Indigenous Knowledge Management Practices: Looking at the Historical Perspectives of Palm Oil Extraction in Ologbo Ikpoba-Okha of Edo State of Nigeria.

Dore-Okuoimose, Mary Mena (2022) Indigenous Knowledge Management Practices: Looking at the Historical Perspectives of Palm Oil Extraction in Ologbo Ikpoba-Okha of Edo State of Nigeria. Doctoral thesis, University of Wales Trinity Saint David.

2155 Dore-Okuoimose, M. DBA (2022).pdf - Submitted Version
Available under License CC-BY-NC-ND Creative Commons Attribution Non-commercial No Derivatives.

Download (2MB) | Preview


Palm oil is one of the most commonly produced vegetable oils in the world, palm oil provides more oil per hectare than soya beans, oilseeds or sunflower seeds. Although palm oil is a better source of vegetable oil than other types of crude oil, there is concern that the increase in the amount of extraction of palm oil done these days if not monitored could have environmental and social impact on the environment. The significance of this research is to highlight the historical KM practices of the indigenous and contemporary palm oil producers in Ologbo Ikpoba-Okha of Edo State and specifically explore how KM information is gathered, stored and disseminated. Also, this research did not only discuss the issue of palm oil extraction in Ikpoba-Okha Nigeria, but also further promote economic development in various areas, especially the development of industries. This research also aimed to understand and highlight the current practices of palm oil extraction used by contemporary farmers and current methods used by indigenous farmers (traditional) in Ikpoba-Okha of Edo State Nigeria and how to generate new ideas and sustainable ways of natural resources management of palm oil extraction and also enhance palm oil extraction process in an eco-friendly way. This research contributes to the existing debate by building on the Lee and Choi (2003) Enabler Framework to link indigenous and current knowledge management practices of indigenous and contemporary palm oil producers. A qualitative research approach through 40 interviews was conducted on 20 indigenous farmers and 20 SMEs and medium size farmers (contemporary farmers) to investigate the indigenous and contemporary KM approaches of palm oil extraction in Ologbo Ikpoba-Okha of Edo State. This study has contributed to practice by extending the (Lee nd Choi, 2003), enabler framework by exploring it within IK and contemporary debate. Secondly, the investigative approach used has highlighted areas such as KM practices of indigenous farmers and those of contemporary palm oil farmers and areas where IK is especially weak and how that, can improve KM among palm oil farmers in Ologbo Ikpoba-Okha. Thirdly, this study has contributed to KM from a developing context as Nigeria is a developing country and the study of KM is dominated by Western literature (Abioye, et al., 2017) and so the study of IK contributes to IK practices of palm oil extraction, and finally the study had been able to explore KM in the agro business sector of Ologbo in Ikpoba-Okha area of Edo State Nigeria. This research also contribute to practice by helping policy makers develop strategies for supporting Indigenous farmers in the area of KM. Secondly, both indigenous palm oil farmers and contemporary farmers have identified areas that they face challenges and this can be a starting point to tackle the issues. Thirdly, with Nigeria palm oil still barred from some countries, the findings will help to address areas of KM that will help both contemporary and Indigenous farmers develop knowledge. Lastly- with the high unemployment in Nigeria, the enabler framework could serve as a guide developing KM policies for local palm oil farmers.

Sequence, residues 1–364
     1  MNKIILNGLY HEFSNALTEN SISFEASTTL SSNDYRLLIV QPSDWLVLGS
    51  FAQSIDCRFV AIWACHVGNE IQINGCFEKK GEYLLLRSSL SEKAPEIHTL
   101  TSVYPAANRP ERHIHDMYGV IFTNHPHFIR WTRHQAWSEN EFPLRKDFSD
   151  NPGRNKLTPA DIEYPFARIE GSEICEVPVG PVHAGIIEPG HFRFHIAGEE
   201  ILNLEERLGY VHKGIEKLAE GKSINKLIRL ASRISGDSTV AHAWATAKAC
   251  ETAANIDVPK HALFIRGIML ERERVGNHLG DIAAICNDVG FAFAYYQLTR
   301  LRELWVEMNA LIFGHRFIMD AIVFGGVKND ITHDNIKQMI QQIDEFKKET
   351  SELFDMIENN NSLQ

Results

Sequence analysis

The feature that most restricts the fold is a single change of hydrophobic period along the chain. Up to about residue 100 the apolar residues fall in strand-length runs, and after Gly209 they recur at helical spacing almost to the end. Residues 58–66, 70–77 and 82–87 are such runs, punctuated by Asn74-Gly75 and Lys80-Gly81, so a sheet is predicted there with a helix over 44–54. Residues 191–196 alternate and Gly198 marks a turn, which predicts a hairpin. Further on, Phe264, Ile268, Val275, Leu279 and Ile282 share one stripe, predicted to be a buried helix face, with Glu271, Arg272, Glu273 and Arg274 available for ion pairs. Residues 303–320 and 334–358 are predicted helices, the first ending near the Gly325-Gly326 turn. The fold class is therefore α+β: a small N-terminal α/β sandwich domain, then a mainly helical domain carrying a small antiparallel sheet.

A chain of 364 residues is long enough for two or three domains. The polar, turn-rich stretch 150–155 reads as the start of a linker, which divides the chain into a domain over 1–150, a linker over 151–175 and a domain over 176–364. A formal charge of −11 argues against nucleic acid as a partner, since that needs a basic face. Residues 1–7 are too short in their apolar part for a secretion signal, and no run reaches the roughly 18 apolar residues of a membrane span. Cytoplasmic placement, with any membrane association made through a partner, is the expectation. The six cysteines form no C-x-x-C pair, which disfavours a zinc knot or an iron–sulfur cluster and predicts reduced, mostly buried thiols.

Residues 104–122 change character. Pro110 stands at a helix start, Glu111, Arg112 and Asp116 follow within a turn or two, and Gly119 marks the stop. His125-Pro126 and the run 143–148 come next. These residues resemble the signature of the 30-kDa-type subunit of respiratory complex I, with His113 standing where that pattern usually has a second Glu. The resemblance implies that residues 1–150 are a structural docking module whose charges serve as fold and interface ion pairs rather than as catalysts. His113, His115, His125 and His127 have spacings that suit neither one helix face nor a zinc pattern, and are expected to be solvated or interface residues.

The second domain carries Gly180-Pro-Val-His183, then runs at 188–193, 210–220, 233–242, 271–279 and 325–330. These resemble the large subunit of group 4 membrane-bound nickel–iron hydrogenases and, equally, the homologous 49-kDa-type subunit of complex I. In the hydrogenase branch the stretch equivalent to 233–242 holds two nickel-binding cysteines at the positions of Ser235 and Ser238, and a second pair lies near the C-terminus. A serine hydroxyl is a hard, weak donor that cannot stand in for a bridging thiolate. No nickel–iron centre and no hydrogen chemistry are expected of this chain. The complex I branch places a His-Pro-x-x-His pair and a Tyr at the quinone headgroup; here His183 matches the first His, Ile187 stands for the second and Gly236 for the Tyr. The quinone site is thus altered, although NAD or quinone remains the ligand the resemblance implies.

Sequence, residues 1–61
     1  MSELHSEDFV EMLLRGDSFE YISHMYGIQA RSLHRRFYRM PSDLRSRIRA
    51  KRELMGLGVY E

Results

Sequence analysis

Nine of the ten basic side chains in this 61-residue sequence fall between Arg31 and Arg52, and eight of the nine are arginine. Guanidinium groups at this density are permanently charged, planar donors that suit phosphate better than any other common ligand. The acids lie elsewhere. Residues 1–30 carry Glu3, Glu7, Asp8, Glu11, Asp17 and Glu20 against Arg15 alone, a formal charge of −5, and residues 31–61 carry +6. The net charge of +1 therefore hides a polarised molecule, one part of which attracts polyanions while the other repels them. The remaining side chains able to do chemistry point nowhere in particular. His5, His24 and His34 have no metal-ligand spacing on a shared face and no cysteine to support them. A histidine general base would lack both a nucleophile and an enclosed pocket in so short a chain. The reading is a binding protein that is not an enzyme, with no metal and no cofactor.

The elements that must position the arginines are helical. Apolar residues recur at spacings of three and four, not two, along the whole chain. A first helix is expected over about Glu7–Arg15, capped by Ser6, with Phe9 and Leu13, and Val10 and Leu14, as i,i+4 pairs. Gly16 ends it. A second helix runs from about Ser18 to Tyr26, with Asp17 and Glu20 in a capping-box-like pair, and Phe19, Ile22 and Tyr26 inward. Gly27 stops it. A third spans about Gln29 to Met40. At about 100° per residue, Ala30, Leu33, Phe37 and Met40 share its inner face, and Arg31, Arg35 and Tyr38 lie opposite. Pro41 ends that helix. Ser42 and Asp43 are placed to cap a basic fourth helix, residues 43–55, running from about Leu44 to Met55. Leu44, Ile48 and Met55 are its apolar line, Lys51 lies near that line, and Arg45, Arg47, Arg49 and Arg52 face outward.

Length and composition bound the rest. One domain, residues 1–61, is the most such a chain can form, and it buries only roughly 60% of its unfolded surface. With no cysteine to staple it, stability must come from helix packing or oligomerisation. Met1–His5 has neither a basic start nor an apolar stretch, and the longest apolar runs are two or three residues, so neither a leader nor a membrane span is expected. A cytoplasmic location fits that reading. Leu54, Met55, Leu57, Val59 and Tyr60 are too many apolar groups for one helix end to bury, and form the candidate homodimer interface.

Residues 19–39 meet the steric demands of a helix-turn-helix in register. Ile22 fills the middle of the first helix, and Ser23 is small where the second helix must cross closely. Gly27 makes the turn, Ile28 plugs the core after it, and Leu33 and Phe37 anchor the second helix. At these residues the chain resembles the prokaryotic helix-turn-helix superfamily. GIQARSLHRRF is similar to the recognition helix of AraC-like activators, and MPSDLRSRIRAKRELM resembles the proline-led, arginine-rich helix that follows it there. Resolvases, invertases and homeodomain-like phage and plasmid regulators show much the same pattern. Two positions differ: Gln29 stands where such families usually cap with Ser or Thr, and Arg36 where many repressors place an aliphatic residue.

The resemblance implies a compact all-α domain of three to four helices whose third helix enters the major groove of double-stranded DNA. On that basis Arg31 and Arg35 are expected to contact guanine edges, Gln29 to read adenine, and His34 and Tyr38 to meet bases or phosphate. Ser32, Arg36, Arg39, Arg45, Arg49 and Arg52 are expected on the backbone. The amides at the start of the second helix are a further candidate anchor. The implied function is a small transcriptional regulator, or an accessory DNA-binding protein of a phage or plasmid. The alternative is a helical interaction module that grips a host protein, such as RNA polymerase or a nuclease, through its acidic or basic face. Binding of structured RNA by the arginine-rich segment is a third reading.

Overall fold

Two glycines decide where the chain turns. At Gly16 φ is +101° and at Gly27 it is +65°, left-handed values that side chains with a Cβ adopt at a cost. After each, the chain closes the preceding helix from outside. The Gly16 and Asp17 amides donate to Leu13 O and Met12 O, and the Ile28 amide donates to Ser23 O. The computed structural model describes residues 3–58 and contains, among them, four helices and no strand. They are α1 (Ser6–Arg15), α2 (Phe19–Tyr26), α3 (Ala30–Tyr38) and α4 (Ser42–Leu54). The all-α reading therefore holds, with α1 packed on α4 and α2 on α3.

Item Type: Thesis (Doctoral)
Uncontrolled Keywords: Enabler – Framework, KM – Knowledge Management, IK – Indigenous Knowledge, Ologbo Ikpoba-Okha – Local Government area In Edo state Nigeria (Research Location), Palm Oil, Contemporary KM Palm Oil Extraction
Subjects: H Social Sciences > HD Industries. Land use. Labor
S Agriculture > SB Plant culture
Divisions: Theses and Dissertations > Doctoral Theses
Depositing User: Lesley Cresswell
Date Deposited: 18 Nov 2022 14:28
Last Modified: 27 Jul 2023 13:45

Administrator Actions (login required)

Edit Item - Repository Staff Only Edit Item - Repository Staff Only